Analyst: Nigeria’s Economic Growth Fragile After Recession

Analyst: Nigeria’s Economic Growth Fragile After Recession

Despite the fact Nigeria has exited recession, the country’s economic growth is still fragile because it is not based on increase in manufacturing, boost in agriculture or mining but on precarious oil prices and improved production.

This was the submission of international business analyst, Christian Udechukwu, who spoke on ARISE Television, a THISDAY Newspaper sister broadcast network yesterday.

Udechukwu said the country was able to get out of recession because of the peace the Vice President, Prof. Yemi Osinbajo, brokered between the Niger Delta militants and the federal government, noting that the sabotage in oil production reduced oil export to about 1.3 million barrels per day (mbd), which grossly reduced the nation’s revenue from product and forced the country into recession, but today Nigeria exports about 2.1 mbd and this improvement in oil receipts has boosted the country’s economy.

He, however, regretted that in the key areas of the economy like agriculture, manufacturing and power supply, there is not much to cheer and that is why the nation’s economic growth is precarious.

The economist said a boost in power supply could significantly help the manufacturing sector and observed that with stability in the Niger Delta there is improved gas supply to power gas facilities but unfortunately the country faces challenge in transmission and distribution due to inadequate infrastructure.

According to Udechukwu, stability in foreign exchange due to the efforts of the Central Bank of Nigeria (CBN) and the banks has contributed in improving the economy and the support the agricultural sector is getting from the federal government indicates that in the near future the sector would contribute more to the country’s economy so there should be more investment in agriculture and government should further encourage big farming, as a move away from the current subsistent farming which dominate the sector.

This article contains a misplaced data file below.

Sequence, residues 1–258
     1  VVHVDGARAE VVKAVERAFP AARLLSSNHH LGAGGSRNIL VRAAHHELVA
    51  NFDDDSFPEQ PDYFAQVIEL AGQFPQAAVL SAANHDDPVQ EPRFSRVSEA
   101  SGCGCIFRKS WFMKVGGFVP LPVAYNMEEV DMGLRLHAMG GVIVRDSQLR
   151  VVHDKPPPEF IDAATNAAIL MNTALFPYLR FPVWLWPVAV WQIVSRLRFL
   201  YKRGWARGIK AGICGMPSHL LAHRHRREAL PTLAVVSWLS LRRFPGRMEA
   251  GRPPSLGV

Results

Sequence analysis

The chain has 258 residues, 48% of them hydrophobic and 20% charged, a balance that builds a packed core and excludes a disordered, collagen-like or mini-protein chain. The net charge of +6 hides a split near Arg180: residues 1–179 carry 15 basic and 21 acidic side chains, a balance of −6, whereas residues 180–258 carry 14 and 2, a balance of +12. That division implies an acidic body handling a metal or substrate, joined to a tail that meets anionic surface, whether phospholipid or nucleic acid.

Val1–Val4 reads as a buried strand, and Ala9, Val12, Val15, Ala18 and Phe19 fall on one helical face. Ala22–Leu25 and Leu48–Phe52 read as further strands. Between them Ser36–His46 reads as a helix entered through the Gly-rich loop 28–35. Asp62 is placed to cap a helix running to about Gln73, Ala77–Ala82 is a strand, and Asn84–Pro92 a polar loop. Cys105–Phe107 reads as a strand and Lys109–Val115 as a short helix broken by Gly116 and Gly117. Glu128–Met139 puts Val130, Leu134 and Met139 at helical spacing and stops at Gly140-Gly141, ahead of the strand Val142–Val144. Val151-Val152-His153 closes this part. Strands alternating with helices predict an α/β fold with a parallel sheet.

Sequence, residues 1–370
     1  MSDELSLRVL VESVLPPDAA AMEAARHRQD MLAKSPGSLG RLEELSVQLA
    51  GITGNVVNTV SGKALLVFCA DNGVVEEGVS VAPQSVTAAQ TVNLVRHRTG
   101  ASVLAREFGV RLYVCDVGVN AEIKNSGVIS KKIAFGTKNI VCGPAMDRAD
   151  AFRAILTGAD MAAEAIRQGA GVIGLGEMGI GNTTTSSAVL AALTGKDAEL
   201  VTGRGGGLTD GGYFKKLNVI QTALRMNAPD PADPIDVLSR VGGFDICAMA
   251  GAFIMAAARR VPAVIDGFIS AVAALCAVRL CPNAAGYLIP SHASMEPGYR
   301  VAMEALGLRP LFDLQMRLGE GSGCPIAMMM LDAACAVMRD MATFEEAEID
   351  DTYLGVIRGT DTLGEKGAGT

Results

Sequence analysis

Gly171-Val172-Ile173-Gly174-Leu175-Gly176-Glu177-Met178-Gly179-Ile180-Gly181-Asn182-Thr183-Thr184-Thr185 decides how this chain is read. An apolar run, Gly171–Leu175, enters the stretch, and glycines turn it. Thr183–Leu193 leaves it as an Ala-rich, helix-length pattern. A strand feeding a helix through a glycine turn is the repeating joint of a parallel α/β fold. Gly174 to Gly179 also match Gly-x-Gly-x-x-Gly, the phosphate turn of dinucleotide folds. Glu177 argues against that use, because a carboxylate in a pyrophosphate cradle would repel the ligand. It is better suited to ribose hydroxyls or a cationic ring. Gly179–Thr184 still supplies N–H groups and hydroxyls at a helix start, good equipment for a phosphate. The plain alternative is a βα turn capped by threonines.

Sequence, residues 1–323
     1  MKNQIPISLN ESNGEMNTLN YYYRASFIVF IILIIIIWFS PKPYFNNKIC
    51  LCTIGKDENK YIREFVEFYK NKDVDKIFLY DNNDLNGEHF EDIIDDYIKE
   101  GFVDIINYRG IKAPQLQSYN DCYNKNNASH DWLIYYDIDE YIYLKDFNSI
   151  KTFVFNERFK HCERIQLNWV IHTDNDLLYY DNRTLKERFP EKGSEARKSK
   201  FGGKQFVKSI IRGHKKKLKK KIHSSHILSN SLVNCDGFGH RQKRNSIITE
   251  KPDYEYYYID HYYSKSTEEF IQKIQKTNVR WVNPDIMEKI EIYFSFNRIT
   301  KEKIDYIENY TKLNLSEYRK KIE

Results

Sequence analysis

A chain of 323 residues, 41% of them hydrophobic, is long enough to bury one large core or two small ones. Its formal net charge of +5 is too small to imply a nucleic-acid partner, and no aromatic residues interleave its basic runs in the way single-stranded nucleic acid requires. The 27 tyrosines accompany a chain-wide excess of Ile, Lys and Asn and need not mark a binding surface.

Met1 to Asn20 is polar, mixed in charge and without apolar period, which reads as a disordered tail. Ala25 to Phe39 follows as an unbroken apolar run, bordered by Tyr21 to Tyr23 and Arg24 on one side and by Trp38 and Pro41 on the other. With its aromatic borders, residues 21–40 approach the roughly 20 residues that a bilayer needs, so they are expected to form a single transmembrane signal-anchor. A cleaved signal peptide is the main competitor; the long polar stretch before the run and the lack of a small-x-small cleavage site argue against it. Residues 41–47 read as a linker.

“There are other challenges like low intensity conflicts in North-west, currently in South-east and other parts of the country, which create instability but hopefully these will be overcome by government. Currently strike actions are affecting production in the economy but we are seeing hope in agriculture but we need more big farmers. The country is still largely on subsistent farming. There is hope that when the key areas of the economy improve, Nigeria’s economy would pick up again. After all, about three years ago Nigeria’s economy was the fastest growing economy in Africa,” Udechukwu said.

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